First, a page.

×
You will be redirected back to your article in seconds

Actress Golshifteh Farahani on Anup Singh’s ‘The Song of Scorpions’

‘You have to give yourself fully, and be ready to die for any part you are playing,’ the actress says

Golshifteh Farahani is the protagonist of Anup Singh’s third feature, “The Song of Scorpions,” and the film, world premiering at Locarno, is another stepping stone for an actress who keeps on challenging herself. In the film, Farahani’s character Nooran lives in India’s Rajasthan desert, training to heal scorpion bites with her songs, until tragedy envelops her. The Iranian actress, now based in France, sat down with Variety to talk about embracing a new language and culture, and how, having been forced to leave Iran, she finds comfort in the discomfort of exploring her own limits with each role.

What attracted you to this role, or to the director?

I met Anup (Singh) after I saw “Qissa.” I thought he was one of the most amazing human beings I’ve ever met. He’s a poet, he’s an incredibly sensitive and wonderful artist, and he has something magical about him. His attention to – and knowledge of – women is quite incredible. I think finding male directors that understand the deep corners of the structures of women’s minds are rare. When he talked to me about the project, how he had dreamt of it and then wrote it in one night, I knew I just had to do it.

How was your experience preparing for this film, considering it was a new language, culture and country for you?

I have acted in seven languages, so it is funny now to be familiar with performing in languages that aren’t my mother tongue. First, I worked for six months on the language, to be able to speak the dialogue. Language is a very difficult challenge, especially when you are a perfectionist. And as a musician myself, I wanted this aspect to sound perfect. Then we went to India and I went to the desert, just being in the environment and seeing the women, how they walk and talk. Rough, but at the same time fragile.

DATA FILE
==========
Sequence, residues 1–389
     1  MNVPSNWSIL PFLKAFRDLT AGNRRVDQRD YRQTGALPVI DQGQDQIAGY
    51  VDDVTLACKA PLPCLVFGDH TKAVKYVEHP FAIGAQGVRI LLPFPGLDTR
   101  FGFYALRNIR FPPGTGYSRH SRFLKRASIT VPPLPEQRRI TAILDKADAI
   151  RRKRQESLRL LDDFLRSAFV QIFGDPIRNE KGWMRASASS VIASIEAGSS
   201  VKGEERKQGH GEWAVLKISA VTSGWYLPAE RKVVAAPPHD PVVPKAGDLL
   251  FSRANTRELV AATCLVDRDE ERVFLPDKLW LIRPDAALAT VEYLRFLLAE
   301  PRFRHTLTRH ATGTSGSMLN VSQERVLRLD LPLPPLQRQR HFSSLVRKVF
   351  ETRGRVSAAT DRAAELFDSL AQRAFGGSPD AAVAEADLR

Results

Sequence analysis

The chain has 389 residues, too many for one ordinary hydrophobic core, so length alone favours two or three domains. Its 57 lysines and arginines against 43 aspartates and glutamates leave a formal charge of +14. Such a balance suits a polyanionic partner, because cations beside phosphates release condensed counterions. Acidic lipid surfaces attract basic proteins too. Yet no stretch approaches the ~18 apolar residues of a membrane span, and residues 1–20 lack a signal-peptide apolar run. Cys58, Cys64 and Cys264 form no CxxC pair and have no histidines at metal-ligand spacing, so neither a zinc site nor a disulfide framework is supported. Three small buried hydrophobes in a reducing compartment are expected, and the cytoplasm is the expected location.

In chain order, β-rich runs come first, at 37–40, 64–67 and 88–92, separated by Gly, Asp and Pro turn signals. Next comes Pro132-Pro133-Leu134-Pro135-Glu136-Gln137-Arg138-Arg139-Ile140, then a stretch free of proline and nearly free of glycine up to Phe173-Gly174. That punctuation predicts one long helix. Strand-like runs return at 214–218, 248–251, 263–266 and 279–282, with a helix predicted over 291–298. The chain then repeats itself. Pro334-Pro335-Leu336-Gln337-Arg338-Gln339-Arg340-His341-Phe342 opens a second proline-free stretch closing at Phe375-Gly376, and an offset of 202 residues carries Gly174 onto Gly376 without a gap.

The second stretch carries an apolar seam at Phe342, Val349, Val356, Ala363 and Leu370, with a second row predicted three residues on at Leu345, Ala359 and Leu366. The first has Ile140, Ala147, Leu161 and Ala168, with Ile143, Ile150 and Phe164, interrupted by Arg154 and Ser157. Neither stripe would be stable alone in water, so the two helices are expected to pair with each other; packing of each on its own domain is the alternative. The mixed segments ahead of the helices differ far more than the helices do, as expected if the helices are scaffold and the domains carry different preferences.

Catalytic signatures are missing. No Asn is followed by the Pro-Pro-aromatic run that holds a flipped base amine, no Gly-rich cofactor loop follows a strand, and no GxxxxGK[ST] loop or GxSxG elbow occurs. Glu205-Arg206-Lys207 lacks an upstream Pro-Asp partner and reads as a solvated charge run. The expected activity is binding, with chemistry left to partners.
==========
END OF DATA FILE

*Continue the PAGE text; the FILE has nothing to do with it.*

This is a film about a singer: Can you explain your relationship with music?

In a funny way, music is following me like a shadow, even in cinema, and it has helped me a lot in every aspect of my life. Music is like a little butterfly that jumps from one flower to another, and I just keep following. If there is a heaven, it would be flowers and music.

When you are taking on a role in which the character undergoes so much pain and anguish? How do you separate yourself from the character?
Sometimes you can separate yourself from the character, and sometimes you can’t. The character’s curse can capture you and you’re a prisoner of the pain they’re experiencing. I’m not a method actor. I don’t bring my characters back home, but a character’s feelings and sensations can stick to your skin, or sometimes they come back on your body, or as a sickness. In this project, I had breakouts of extreme hives, which has never happened before. My character’s pressure, her trauma was coming out of me. As an actor, you need help from the universe to be able to not fall into drugs, and to not commit suicide. You need care.

You’ve been working on films in many different locations, languages and cultures? Why is this?

The reason I work in cinema is the message that the cinema is carrying. These scripts come to me and they are stories that need to be told. Of course, it is killing me. I love pushing myself to the edges to challenge myself and see if I can manage things that seem impossible. Whatever seems impossible, I have to make it possible. The most important thing is that you have to give yourself fully, and be ready to die for any part you are playing.

How do you balance all of these projects you are undertaking, in film and otherwise?